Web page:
United States District Court, D. Nevada
SCREENING ORDER AND REPORT AND
HOFFMAN, JR., UNITED STATES MAGISTRATE JUDGE
plaintiff Robert Pintado brings this case against the Maywood
Police Department and Maywood City Hall for return of his
personal property. Pintado moves to proceed in forma
pauperis. (IFP Application (ECF No. 1).) Pintado
submitted the affidavit required by 28 U.S.C. § 1915(a)
showing an inability to prepay fees or costs or give security
for them. Pintado's request to proceed in forma
pauperis therefore will be granted. The court now
screens Pintado's complaint (ECF No. 1-1) as required by
28 U.S.C. § 1915(e)(2).
granting a request to proceed in forma pauperis, a
court must screen the complaint under 28 U.S.C. §
1915(e)(2). In screening the complaint, a court must identify
cognizable claims and dismiss claims that are frivolous,
malicious, file to state a claim on which relief may be
granted, or seek monetary relief from a defendant who is
immune from such relief. 28 U.S.C. § 1915(e)(2).
Dismissal for failure to state a claim under §
1915(e)(2) incorporates the standard for failure to state a
claim under Federal Rule of Civil Procedure 12(b)(6).
Watison v. Carter, 668 F.3d 1108, 1112 (9th Cir.
2012). To survive § 1915 review, a complaint must
“contain sufficient factual matter, accepted as true,
to state a claim to relief that is plausible on its
face.” See Ashcroft v. Iqbal, 556 U.S. 662,
678 (2009). The court liberally construes pro se complaints
and may only dismiss them “if it appears beyond doubt
that the plaintiff can prove no set of facts in support of
his claim which would entitle him to relief.”
Nordstrom v. Ryan, 762 F.3d 903, 908 (9th Cir. 2014)
(quoting Iqbal, 556 U.S. at 678).
considering whether the complaint is sufficient to state a
claim, all allegations of material fact are taken as true and
construed in the light most favorable to the plaintiff.
Wyler Summit P'ship v. Turner Broad. Sys. Inc.,
135 F.3d 658, 661 (9th Cir. 1998) (citation omitted).
Although the standard under Rule 12(b)(6) does not require
detailed factual allegations, a plaintiff must provide more
than mere labels and conclusions. Bell Atlantic Corp. v.
Twombly, 550 U.S. 544, 555 (2007). A formulaic
recitation of the elements of a cause of action is
insufficient. Id. Unless it is clear the
complaint's deficiencies could not be cured through
amendment, a pro se plaintiff should be given leave to amend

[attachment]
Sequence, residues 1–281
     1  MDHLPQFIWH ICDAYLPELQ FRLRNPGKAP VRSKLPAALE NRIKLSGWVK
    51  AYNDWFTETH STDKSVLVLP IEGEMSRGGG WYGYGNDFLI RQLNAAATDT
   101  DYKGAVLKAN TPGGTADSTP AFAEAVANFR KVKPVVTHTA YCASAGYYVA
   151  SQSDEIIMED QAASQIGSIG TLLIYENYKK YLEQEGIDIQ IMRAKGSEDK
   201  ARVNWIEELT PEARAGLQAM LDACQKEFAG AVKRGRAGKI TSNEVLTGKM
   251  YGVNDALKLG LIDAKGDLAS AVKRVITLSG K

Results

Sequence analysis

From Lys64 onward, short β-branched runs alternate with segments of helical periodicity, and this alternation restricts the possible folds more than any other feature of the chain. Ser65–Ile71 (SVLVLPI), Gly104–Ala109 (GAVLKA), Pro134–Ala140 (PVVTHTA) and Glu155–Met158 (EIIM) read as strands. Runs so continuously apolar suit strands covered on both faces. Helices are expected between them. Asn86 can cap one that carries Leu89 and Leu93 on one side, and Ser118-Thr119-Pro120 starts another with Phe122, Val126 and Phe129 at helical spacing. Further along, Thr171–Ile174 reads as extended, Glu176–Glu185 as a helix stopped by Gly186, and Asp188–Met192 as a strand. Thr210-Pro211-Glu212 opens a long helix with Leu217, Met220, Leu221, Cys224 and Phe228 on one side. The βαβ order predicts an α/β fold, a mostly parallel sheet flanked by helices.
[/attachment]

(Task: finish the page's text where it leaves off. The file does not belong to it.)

the complaint with notice regarding the complaint's
deficiencies. Cato v. United States, 70 F.3d 1103,
1106 (9th Cir. 1995).
Screening the complaint
brings a complaint against the Maywood Police Department and
Maywood City Hall, alleging he would like his things returned
to him, including properties, accounts, and cars. (Compl.
(ECF No. 1-1) at 1.) Pintado also would like an apology.
(Id.) Pintado advises the court that it may contact
Robert Muller or Angela Merkel, the German Chancellor,
regarding this matter. (Id. at 2.) Pintado states
that the court has diversity jurisdiction in this matter.
(Civil cover sheet (ECF No. 1-2).) But he does not allege the
parties' citizenship or the amount in controversy.
district courts are courts of limited jurisdiction,
possessing only that power authorized by Constitution and
statute.” K2 Am. Corp. v. Roland Oil & Gas,
LLC, 653 F.3d 1024, 1027 (9th Cir. 2011) (quotation
omitted). Federal district courts “have original
jurisdiction of all civil actions arising under the
Constitution, laws, or treaties of the United States.”
28 U.S.C. § 1331. Federal district courts have original
jurisdiction over civil actions in diversity cases
“where the matter in controversy exceeds the sum or
value of $75, 000” and where the matter is between
“citizens of different States.” 28 U.S.C. §
1332(a). “Section 1332 requires complete diversity of
citizenship; each of the plaintiffs must be a citizen of a
different state than each of the defendants.”
Morris v. Princess Cruises, Inc., 236 F.3d 1061,
1067 (9th Cir. 2001). Federal courts have the jurisdiction to
determine their own jurisdiction. Special Investments,
Inc. v. Aero Air, Inc., 360 F.3d 989, 992 (9th Cir.
2004). A court may raise the question of subject-matter
jurisdiction sua sponte, and it must dismiss a case if it
determines it lacks subject-matter jurisdiction.
Id.; Fed.R.Civ.P. 12(h)(3).
does not allege facts invoking the court's jurisdiction.
He does not allege claims arising under the Constitution,
laws, or treaties of the United States and therefore does not
invoke the court's federal question jurisdiction. As for
diversity jurisdiction, Pintado does not allege the
parties' citizenship or the amount in controversy. Thus,
even liberally construing his complaint, the court cannot
determine its own jurisdiction. As the party seeking to
invoke the court's jurisdiction, Pintado bears the burden
of establishing jurisdiction exists. See Naffe v.
Frey, 789 F.3d 1030, 1040 (9th Cir. 2015). The court
therefore will recommend that this case be dismissed for lack
of subject-matter jurisdiction, with leave to amend.
Pintado chooses to amend, he must include factual allegations
demonstrating that a federal question exists. Alternatively,
he must include factual allegations demonstrating there is
complete diversity of citizenship and more than $75, 000 in
controversy. Additionally, Pintado is advised that if he
files an amended complaint, the original complaint (ECF No.
1-1) no longer serves any function in this case. As such, if
plaintiff files an amended complaint, each claim and the
involvement of each defendant must be alleged sufficiently.
The court cannot refer to a prior pleading or to other
documents to make plaintiff's amended complaint complete.
The amended complaint must be complete in and of itself
without reference to prior pleadings or to other documents.